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How I saved thousands on my mortgage

When mortgage rates are falling, banks will vie for your business. But in times like these when rates are rising, you have to shop around and negotiate to get the best rate.

This was the situation I faced in 1994 when we bought our first home. This strategy saved us tens of thousands of dollars over the last 17 years. By shopping around and going back to my bank with better deals offered by their competitors we managed to keep getting better deals. The lesson is to do your homework, a bit of research and don't be afraid to ask.
 
Rates were at a 30-year low when Jeff and I first started house hunting in 1994. We were long-time Royal Bank of Canada customers, but we went to a different bank for a quote in the hopes that we'd get some bargaining power. Canada Trust quoted us half a percent below the posted rate of 7.25 per cent, provided we moved our business to them. We went back to RBC and they matched the rate and kept our business.
 
Three years later, rates fell, and I wanted to renegotiate the mortgage.  I shopped around and was offered 1.5 per cent below our RBC rate.  RBC 's penalty was  three months' interest (roughly $1500) but they offered a compromise of 1.25 per cent below our current rate and extended the five-year term. They  kept our business.

We successfully used this same strategy twice more  and were down to 4.64 per cent in 2003 but we still paid our mortgage as though our rate were 2 percentage points higher.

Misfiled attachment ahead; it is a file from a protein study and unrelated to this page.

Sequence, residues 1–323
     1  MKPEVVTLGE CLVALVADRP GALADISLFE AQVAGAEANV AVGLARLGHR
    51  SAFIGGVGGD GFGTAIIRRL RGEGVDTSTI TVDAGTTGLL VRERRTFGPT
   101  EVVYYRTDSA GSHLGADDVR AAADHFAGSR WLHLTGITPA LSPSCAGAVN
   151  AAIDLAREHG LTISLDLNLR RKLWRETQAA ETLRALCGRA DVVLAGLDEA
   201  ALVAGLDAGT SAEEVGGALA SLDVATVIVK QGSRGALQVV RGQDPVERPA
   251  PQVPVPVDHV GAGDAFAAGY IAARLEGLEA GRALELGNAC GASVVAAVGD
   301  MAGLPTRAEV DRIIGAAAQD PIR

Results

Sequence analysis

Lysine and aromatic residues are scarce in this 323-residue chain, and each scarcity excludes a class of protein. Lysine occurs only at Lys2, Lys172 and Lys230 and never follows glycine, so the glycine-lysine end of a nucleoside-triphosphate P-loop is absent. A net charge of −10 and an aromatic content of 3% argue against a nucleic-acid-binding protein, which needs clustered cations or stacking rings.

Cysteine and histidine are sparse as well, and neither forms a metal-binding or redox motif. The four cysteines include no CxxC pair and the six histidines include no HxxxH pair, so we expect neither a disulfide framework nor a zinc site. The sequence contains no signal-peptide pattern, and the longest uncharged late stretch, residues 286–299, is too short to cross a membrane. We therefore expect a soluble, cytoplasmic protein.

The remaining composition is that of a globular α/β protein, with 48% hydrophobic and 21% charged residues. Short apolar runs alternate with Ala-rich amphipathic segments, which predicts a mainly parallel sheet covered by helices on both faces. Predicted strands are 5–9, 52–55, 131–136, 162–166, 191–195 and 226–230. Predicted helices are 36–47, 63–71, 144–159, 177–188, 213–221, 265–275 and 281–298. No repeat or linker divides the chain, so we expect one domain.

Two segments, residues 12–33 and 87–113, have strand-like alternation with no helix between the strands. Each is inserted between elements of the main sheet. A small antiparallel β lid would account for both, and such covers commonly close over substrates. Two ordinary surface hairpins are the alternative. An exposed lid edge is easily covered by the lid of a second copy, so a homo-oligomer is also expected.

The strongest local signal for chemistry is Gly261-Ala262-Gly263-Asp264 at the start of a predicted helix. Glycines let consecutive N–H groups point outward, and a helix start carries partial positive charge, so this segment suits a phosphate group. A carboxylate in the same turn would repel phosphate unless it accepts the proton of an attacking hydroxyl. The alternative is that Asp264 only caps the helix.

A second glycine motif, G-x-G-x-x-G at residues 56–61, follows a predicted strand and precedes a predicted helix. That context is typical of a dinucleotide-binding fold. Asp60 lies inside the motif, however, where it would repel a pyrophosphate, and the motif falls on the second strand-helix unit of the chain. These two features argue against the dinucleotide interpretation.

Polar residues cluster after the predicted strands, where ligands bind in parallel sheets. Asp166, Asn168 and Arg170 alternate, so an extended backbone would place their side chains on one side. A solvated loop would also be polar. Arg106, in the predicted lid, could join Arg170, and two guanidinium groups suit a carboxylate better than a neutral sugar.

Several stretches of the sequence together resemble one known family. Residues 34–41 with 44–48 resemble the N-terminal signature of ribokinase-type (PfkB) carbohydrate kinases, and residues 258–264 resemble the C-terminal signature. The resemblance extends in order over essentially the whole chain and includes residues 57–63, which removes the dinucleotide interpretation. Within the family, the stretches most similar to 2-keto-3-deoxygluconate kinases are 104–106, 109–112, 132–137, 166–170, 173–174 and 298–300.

Our mistake happened in the fall of 2008 at renewal. Rates were rising and RBC said their best rate was 5.55 per cent for "preferred" customers. I shopped around firmly believing that others would want our business. Scotiabank and TD Canada Trust didn't. President's Choice Financial offered the lowest rate at 5.2 per cent and RBC would not match it. We took our mortgage to PCF.

The mistake is that we should have gone with a variable rate, according to Moshe Milevsky's
column.  He says that homeowners - like us - who have substantial equity in their home and have a diversified portfolio of financial assets, should go variable. But I knew that would keep me awake at night, worrying about how much of our payments was going to interest and how much to the principal. We locked our rate for five years and watched rates plummet six months later. 
 
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